“Preventing process accidents requires vigilance. The passing of time without a process accident is not necessarily an indication that all is well and may contribute to a dangerous and growing sense of complacency. When people lose an appreciation of how their safety systems were intended to work, safety systems and controls can deteriorate, lessons can be forgotten, and hazards and deviations from safe operating procedures can be accepted.
Workers and supervisors can increasingly rely on how things were done before, rather than rely on sound engineering principles and other controls.
People can forget to be afraid!”
This is an excerpt from The Report of the BP U.S. Refineries Independent Safety Review Panel lead by James A. Baker III.
I found this statement from the panel to be simple and to the point, and yet very effective. Let’s translate this statement to any of our workplaces to see if it is applicable? In this context, what does ‘forgetting to be afraid’ mean?
In the associated graphic I demonstrate what it means to me. To me ‘forgetting to be afraid’ is synonymous with the concept of ‘normalization of deviance’. Diane Vaughn coined this term as a member of the Challenger investigation team.
When we deviate from an accepted standard, usually in the form of a short-cut due to perceived time pressures, and nothing bad happens…then we accept that as the new norm or ‘practice’. After all, we saved some time off the task (and increased production) and there were no negative consequences. This is one of those ‘hero or zero’ moments. This is because if the short-cut works, we get pats on the back and our supervision condones with their silence. However, if it didn’t work at some point, there will be hell to pay for violating that standard and then all of a sudden, selective memory sets in!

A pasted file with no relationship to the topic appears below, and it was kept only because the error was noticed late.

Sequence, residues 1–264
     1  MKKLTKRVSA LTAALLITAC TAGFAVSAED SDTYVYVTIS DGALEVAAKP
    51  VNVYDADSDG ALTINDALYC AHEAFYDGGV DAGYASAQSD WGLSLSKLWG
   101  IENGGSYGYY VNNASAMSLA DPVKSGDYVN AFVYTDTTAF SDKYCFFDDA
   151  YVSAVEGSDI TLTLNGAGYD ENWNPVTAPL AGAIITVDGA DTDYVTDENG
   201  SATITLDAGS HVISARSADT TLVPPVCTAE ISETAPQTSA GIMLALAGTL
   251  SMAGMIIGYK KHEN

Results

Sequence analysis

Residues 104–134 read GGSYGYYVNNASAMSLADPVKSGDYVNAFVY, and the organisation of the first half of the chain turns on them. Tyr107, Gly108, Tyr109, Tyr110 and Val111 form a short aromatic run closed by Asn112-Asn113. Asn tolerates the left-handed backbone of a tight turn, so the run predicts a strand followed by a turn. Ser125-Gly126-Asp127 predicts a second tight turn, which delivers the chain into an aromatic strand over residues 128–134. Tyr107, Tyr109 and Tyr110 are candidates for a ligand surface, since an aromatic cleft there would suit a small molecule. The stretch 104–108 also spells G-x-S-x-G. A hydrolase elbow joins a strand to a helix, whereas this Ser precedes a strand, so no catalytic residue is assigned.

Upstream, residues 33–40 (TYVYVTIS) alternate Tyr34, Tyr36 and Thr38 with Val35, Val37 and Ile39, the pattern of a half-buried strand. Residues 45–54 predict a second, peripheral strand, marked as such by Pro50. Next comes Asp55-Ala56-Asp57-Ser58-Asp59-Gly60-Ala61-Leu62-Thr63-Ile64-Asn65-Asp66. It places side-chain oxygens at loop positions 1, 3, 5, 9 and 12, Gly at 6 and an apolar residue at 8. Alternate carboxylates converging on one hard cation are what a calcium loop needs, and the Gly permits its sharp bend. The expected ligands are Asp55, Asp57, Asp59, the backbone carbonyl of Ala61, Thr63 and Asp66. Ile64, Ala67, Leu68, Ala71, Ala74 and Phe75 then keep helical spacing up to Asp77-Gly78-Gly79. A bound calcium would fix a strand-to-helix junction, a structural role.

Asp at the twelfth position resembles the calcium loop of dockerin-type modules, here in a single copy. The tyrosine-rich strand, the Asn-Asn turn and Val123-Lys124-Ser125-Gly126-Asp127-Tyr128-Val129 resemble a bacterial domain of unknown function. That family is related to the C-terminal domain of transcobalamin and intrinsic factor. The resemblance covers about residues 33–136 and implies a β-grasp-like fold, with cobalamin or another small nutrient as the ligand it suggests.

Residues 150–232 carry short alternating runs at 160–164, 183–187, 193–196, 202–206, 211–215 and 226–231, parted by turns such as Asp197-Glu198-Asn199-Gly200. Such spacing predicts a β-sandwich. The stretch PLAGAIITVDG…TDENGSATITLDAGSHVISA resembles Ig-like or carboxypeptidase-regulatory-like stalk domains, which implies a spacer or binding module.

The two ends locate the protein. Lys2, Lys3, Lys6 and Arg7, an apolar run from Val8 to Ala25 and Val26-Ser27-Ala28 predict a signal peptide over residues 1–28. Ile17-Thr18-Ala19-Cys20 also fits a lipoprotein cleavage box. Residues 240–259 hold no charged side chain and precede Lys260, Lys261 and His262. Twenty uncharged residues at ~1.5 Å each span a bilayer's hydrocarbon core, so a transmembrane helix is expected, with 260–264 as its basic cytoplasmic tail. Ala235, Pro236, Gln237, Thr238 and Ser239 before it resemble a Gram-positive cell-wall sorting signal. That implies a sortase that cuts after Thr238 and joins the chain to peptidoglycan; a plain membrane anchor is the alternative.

This process of ‘normalization of deviance’ become iterative. This means if we got away with it once, we are likely to do it again, to save precious time and satisfy the operational gods. The problem eventually will be when the gap between standard and practice continues to widen and it migrates towards the boundaries of what is considered ‘safe’. When exactly is that point reached? I claim one really doesn’t know until they cross it, a failure occurs and selective memory sets in during the hunt for ‘whodunnit’.
This gradual slide into the ‘unsafe known’ is being referred to these days as ‘Drift‘ by the likes of noted Safety researchers like Dr. Sidney Dekker. It is during this gradual drift into the Unsafe Zone that we ‘forget to be afraid’. We are used to the new practices and we are used to deviating from accepted norms…we are being conditioned to not be afraid under such circumstances…WHEN WE SHOULD BE AFRAID!
So how do we prevent this? Our oversight mechanisms should include the detection of such drifting behaviors and correcting them to stop the drift. However, oftentimes this is not the case because the new practices are working and production records are being set, so who wants to be the ‘bad guy’ and reset behaviors to align with standards?
It takes courage to make such unpopular decisions in the best interest of the Safety of our personnel. Whenever one wonders if it’s the right thing to do, remember the families of the 15 people killed in the Texas City Explosion and if they would have wanted their loved one’s co-workers to ‘forget to be afraid’, while supervision looked the other way? Do you ever want to be in the position of facing the families of your peers under such conditions?
Do you see these behaviors at your place? At your facility, what systems are in place to prevent people from forgetting to be afraid?
2.4.19 Update: In response to the feedback I received on this expression (per my request), I revised the y-axis. It originally was labeled as ‘Compliance’ and I agreed with the debate that just because one may be compliant, does not mean they were effective. So I re-labeled to a much broader term reflecting an acceptable standard of performance. Thanks for all the great, constructive debate on this topic.